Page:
Alert: The following services will be unavailable on Saturday, January 5, 2013 from 12 a.m. (midnight) to 6 a.m. CST due to system maintenance.
WIS 116 - Need/purpose
Why is this project needed?
The need for a new Wolf River Bridge is due primarily to its regional importance and deficiencies with the existing bridge. The existing pavement and underground utilities along Main St. are deteriorating and also in need of replacement.
Average bridge service life is 50 to 75 years. The Wolf River Bridge was constructed in 1934 and is approaching the end of its useful life. Most of the primary elements of the bridge’s structural, electrical, and mechanical systems are original. As the bridge ages, the frequency of major repairs is expected to increase. While the bridge is still safe for travel, the National Bridge Inventory has identified the Wolf River Bridge as deficient based on its sufficiency rating.
Specific deficiencies on the existing bridge include:
- Non-redundant bascule bridge span
- The bridge’s bascule span is a two-girder, non-redundant span, now considered to be an undesirable method of construction.
- Failure by damage, overload, or fatigue to one of the girders would result in failure to the entire span. Because the bascule span is fracture-critical or non-redundant, the Wisconsin Department of Transportation inspects it annually. Annual inspections have determined the bridge is safe for travel.
- Aging of concrete
- The concrete of the two abutments, six approach piers and two larger bascule piers exhibit spalling, cracking, and exposed reinforcing steel.
- All piers are situated underneath deck joints. Leakage through the joints over the years has caused deterioration in the substructure concrete.
- Previous concrete repairs were made to all piers, but the condition of those repairs is fair to poor.
- Functionally obsolete
- The bridge is classified as functionally obsolete due to its narrow deck width.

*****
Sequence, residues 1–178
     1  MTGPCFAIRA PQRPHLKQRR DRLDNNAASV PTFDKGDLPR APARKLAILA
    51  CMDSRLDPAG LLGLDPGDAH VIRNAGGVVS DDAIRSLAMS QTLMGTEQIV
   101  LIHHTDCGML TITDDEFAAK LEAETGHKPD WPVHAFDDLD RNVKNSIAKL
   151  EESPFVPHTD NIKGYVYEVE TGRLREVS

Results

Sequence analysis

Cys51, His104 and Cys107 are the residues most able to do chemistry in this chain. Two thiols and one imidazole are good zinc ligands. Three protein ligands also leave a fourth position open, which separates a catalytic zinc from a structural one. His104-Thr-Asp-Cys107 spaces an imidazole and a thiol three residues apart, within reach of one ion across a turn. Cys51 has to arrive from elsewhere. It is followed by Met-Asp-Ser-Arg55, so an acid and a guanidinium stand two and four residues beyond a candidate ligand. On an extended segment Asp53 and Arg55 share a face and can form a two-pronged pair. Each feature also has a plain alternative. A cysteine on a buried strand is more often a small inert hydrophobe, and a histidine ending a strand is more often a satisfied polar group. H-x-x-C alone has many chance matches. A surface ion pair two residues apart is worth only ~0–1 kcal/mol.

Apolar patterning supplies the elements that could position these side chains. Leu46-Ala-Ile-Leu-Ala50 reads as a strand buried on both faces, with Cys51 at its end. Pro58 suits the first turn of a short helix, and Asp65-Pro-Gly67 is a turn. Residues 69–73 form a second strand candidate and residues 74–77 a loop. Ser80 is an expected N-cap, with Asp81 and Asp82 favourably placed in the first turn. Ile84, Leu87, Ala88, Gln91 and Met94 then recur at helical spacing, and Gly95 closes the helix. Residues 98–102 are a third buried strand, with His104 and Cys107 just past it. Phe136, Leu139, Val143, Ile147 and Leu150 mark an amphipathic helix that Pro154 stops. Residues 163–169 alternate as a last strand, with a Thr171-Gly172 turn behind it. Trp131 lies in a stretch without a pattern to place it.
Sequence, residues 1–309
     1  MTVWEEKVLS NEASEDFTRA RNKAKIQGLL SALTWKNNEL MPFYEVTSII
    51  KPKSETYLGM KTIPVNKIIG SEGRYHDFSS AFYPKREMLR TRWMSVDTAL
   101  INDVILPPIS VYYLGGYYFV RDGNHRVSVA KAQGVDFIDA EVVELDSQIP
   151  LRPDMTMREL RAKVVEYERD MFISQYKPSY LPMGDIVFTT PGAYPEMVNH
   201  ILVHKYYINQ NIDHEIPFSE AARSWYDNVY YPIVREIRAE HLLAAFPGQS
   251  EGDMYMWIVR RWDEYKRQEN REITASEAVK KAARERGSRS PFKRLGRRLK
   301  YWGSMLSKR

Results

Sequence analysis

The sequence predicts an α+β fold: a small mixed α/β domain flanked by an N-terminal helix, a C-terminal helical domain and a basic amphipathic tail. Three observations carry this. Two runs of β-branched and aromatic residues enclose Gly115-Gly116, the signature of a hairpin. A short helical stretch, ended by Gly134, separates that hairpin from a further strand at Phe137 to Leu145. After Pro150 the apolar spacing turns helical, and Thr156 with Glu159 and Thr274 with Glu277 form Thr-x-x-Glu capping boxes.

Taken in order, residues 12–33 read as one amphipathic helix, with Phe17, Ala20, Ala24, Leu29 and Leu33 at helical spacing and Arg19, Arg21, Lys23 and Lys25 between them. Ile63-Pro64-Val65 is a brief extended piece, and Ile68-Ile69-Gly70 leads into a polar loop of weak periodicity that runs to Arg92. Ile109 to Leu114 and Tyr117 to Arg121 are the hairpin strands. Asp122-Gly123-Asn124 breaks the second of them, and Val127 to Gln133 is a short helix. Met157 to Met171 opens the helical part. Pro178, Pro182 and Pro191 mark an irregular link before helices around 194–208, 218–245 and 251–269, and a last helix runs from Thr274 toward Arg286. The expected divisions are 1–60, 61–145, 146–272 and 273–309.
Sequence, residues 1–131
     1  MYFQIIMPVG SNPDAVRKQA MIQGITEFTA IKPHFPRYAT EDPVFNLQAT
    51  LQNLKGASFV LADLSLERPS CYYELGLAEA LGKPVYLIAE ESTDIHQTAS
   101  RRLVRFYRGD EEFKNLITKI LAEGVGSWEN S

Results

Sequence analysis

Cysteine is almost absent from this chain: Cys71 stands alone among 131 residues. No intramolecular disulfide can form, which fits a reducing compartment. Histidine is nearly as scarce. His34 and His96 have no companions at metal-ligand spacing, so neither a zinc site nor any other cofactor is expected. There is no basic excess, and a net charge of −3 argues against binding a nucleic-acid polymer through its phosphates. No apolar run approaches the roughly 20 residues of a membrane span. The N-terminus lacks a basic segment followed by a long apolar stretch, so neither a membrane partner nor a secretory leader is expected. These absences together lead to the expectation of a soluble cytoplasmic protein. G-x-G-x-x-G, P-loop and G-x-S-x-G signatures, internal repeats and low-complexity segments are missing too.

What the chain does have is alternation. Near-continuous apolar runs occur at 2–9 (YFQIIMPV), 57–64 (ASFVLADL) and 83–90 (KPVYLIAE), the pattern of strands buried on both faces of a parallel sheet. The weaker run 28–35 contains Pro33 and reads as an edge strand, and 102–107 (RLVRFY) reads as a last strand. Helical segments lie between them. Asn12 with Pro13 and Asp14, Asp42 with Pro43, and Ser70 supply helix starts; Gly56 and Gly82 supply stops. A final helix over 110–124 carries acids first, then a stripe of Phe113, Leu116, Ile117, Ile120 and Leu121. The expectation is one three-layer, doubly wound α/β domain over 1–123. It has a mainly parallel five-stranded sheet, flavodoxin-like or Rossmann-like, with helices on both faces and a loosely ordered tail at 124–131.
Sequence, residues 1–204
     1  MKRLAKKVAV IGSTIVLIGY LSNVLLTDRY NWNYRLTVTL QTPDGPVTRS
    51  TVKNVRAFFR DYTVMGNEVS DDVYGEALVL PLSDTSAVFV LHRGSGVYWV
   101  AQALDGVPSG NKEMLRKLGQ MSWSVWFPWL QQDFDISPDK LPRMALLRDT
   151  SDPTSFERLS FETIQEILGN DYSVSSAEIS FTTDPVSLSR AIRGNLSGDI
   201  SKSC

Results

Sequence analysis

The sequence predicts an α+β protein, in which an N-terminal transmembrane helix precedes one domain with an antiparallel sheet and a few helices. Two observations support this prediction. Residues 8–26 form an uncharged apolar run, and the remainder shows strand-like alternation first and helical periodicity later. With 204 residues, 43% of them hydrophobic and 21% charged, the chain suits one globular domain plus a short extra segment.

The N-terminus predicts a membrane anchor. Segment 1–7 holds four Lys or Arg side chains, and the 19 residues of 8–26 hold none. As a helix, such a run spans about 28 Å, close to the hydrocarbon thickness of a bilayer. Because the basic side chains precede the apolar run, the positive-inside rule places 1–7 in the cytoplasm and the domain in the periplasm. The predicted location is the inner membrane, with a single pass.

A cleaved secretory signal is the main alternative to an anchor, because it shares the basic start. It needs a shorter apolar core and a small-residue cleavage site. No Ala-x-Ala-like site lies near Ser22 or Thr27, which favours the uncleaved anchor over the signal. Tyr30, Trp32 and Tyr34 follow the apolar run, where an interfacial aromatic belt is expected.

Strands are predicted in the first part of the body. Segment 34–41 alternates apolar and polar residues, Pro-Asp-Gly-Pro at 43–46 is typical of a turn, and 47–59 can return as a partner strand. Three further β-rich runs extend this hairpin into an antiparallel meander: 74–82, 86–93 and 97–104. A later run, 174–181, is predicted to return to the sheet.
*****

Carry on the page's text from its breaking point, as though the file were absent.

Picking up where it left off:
System linkage and route importance
The location of the WIS 116 Wolf River crossing is vital to residents of Winneconne and the surrounding region. The closest Wolf River system crossings are the US 41 bridge over Lake Butte des Morts, 9.5 miles to the southeast, and the US 10 bridge near Fremont, 19.5 miles to the north.
In this growing corridor, the WIS 116 river crossing is a critical link, allowing residents to travel to Oshkosh and the Fox Valley via US 45 and US 41. The crossing is vital to many daily functions of those living in the Winneconne area including: access to employment, educational facilities, retail, health care providers, recreation, and trucking access.
At the local level, WIS 116 connects the village’s residential, commercial, and industrial development and provides access to community resources and services on both sides of the Wolf River. The village’s fire and police departments, both on the west side of the river, depend on the crossing to reach emergencies on the east side.
The community’s high school, middle school, and elementary school are located on the east side of the river, with employment opportunities on both sides of the WIS 116 bridge.
- The bridge replacement will address the deficiencies of the existing Wolf River Bridge. Changes in road design should help improve safety within the remainder of the village.
- Improved traffic flow/boat passage
- The fixed bridge design will accommodate boat passage without requiring opening and closing of a bascule span. The existing WIS 116 bridge is opened much more frequently compared with other bascule bridges in the area. This adversely impacts traffic flow through the downtown area and also increases potential for delays in emergency response times.
- Improved multi-modal opportunities
- Both the bridge and roadway projects will provide better accommodations for bicycle and pedestrian travel.
- Enhanced recreational access
- New fishing piers will provide enhanced opportunities for fishing in downtown Winneconne and also benefit the local economy. A new bridge will provide safer accommodations for snowmobile crossings during winter months.
- Reduced costs
- A fixed bridge is significantly cheaper than a bascule bridge, both in initial construction cost and long-term maintenance cost.
WisDOT Northeast Region Office, firstname.lastname@example.org
Last modified: June 10, 2014
All external hyperlinks are provided for your information and for the benefit of the general public. The Wisconsin Department of Transportation does not testify to, sponsor or endorse the accuracy of the information provided on externally linked pages. Some pages contain links to other documents and media types (PDF, Word, Flash, Video, etc.) and require free plugins to work. Visit our software information page for assistance.